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Let Me Be Maladjusted

Rebecca Spears

By Colin Mutchler from Brooklyn, United States (Flickr) [CC BY 2.0 (], via Wikimedia Commons

Let justice roll down like waters and righteousness like a mighty stream. —Amos 5:24

Like most people, I’ve heard Martin Luther King, Jr. invoking the prophet Amos in old film footage.  In the 1960s, this particular verse inspired many people to advocate for civil rights, and later to advocate against US involvement in the Vietnam conflict. Even now, Amos’s words are almost synonymous with Martin Luther King, Jr. and his work for justice. Yet King’s reason for calling up Amos was to petition his own followers to become “maladjusted.” That’s an astonishing call, not what I’d expected.

So often the verse from Amos is quoted exclusively, and out of context. What King said as preamble is this: “I call upon you to be as maladjusted as Amos who in the midst of the injustices of his day cried out in words that echo across the generations.” What does King mean, maladjusted? I don’t think I’d ever heard that word used on a positive note, until my minister brought it into a proclamation a few weeks ago.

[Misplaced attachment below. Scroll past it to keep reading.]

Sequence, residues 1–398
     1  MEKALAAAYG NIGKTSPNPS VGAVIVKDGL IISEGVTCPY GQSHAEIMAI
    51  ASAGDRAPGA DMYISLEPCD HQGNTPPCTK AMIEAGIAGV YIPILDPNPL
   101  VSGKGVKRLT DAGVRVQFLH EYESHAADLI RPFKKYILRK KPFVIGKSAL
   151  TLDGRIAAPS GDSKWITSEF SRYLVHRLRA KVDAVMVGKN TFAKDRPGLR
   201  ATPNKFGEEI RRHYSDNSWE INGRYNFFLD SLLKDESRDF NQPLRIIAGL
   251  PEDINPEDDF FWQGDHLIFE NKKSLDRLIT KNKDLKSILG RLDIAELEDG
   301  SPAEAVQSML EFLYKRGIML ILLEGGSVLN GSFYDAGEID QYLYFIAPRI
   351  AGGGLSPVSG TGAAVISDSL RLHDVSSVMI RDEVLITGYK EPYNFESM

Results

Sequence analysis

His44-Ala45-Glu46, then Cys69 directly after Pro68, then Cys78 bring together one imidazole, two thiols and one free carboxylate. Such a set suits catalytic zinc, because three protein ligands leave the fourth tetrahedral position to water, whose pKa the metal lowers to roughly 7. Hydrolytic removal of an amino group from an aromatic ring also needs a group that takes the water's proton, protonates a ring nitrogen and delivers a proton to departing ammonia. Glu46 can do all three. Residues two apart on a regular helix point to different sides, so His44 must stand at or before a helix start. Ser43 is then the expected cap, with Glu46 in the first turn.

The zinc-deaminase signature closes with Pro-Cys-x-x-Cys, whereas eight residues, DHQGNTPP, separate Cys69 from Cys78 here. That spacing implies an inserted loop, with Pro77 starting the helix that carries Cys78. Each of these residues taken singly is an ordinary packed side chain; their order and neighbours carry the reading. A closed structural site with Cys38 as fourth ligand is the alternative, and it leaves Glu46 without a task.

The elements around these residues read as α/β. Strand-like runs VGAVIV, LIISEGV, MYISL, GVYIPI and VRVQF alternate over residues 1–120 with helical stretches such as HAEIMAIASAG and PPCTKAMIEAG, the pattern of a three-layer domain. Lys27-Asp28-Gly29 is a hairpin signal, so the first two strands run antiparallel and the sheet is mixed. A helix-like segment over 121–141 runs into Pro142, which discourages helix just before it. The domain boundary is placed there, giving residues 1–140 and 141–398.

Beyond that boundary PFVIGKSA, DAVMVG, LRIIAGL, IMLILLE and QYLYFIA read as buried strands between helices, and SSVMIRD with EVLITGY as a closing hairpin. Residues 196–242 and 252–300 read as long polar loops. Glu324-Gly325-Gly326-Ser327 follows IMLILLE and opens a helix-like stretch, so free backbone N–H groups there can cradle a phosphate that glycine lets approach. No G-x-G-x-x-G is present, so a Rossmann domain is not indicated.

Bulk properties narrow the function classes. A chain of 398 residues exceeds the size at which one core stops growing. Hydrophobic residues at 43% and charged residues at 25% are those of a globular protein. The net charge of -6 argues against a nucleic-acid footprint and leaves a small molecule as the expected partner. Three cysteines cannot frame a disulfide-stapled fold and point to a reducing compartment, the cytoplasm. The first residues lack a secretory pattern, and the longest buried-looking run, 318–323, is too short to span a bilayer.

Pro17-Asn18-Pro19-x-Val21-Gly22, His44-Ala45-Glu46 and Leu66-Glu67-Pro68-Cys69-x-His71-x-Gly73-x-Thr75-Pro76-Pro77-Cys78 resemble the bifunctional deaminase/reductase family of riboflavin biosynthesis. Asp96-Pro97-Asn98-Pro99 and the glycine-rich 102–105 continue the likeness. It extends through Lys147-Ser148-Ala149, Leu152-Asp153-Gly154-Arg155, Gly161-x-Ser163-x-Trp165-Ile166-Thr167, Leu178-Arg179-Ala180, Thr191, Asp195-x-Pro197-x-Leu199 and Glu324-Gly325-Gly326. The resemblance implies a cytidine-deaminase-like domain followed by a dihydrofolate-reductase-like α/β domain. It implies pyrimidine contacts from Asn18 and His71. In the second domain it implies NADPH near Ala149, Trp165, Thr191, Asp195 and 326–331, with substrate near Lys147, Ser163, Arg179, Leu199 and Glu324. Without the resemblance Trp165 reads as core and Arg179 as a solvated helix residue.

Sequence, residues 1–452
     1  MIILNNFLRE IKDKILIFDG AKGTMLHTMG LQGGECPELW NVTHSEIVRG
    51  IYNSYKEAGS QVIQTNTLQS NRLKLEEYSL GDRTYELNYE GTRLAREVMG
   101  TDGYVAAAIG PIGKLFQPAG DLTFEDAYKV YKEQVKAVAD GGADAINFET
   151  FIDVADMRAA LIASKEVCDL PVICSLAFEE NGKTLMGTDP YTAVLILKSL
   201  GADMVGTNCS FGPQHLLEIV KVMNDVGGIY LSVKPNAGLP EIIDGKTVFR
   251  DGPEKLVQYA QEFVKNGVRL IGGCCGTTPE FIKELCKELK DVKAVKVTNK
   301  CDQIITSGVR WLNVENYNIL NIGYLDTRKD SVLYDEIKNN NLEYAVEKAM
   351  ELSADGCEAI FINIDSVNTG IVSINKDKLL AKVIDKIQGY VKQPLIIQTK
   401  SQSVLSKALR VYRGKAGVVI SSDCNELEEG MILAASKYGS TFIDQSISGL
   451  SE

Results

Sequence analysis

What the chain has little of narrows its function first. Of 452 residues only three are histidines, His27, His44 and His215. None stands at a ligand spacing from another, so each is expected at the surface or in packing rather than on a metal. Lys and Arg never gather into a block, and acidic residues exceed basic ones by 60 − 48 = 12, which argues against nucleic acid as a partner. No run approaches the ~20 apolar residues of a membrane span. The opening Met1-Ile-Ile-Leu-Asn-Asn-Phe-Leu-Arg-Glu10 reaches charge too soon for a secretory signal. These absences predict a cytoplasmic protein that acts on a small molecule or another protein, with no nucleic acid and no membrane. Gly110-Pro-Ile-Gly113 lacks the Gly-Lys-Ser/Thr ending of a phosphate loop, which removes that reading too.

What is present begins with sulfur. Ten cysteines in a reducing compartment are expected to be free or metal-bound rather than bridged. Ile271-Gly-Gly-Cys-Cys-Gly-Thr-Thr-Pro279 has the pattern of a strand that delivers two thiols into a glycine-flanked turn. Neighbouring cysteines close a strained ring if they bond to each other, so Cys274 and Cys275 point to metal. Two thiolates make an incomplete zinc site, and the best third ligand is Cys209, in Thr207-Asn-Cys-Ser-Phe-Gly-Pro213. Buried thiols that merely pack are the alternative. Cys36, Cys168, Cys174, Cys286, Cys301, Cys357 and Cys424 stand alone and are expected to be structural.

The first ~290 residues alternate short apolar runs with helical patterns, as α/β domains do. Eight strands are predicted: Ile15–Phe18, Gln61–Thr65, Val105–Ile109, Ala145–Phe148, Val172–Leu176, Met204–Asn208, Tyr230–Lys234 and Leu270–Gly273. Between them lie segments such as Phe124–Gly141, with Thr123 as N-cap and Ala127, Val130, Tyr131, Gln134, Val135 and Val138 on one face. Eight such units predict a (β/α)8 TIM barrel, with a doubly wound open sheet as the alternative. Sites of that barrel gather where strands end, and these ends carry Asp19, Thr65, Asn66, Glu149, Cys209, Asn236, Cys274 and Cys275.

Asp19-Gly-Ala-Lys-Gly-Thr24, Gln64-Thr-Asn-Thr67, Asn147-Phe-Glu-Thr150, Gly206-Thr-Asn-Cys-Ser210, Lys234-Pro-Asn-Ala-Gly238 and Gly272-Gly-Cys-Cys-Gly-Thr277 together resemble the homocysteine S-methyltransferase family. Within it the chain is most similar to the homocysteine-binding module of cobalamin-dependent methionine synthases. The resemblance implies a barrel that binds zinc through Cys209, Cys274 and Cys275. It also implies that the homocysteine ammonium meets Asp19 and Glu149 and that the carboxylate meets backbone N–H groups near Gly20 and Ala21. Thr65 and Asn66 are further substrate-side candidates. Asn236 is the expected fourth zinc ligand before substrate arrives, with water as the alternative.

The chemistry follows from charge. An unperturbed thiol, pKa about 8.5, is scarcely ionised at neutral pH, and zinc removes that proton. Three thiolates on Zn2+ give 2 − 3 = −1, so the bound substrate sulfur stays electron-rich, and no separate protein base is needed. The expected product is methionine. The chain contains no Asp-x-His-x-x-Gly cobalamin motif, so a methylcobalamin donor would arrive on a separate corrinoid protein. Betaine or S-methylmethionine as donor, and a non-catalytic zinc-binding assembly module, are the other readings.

King turned the word into a call to righteousness, when he asked his followers to refuse to “adjust” to segregation and discrimination, to mob rule, violence, and militarism. He went on to name others who in their own era were “maladjusted” or “extremist,” who refused to adjust to a society’s injustices:

Lincoln, “who had the vision to see that this nation could not exist half slave and half free."

Jefferson, who declared that “all men . . . are endowed by their Creator with certain inalienable rights.”

Jesus, “who dreamed a dream of the fatherhood of God and the brotherhood of man."

In the last year, it’s been troubling to hear the name-calling and degrading language used to describe recent immigrants and people of color and women, the veiled and outright calls to violence against those who are different from us. In my heart, I fear that people will become accustomed to the anger and vitriol that so marks the US political process now. This kind of language has been on the fringe for many years, not in the mainstream. This year, hatred in its various expressions has invaded the larger conversations of our society. I believe that language underlies, and underscores, people’s beliefs and intentions. We use language to make ourselves clear about what lives in our hearts. And this is where I think about Martin Luther King, Jr. and the prophet Amos.

While I’m not a great leader or a great thinker, I do have the power to let others know what is on my mind and in my heart. I hope that we never become accustomed to the vitriol, and more importantly, to the anger and hatred that underlie such speech. I don’t want to “adjust” to a mainstream call to cut down the stranger, the immigrant, the person who doesn’t look like me.  So let me be maladjusted, and let me ask you to be maladjusted, too.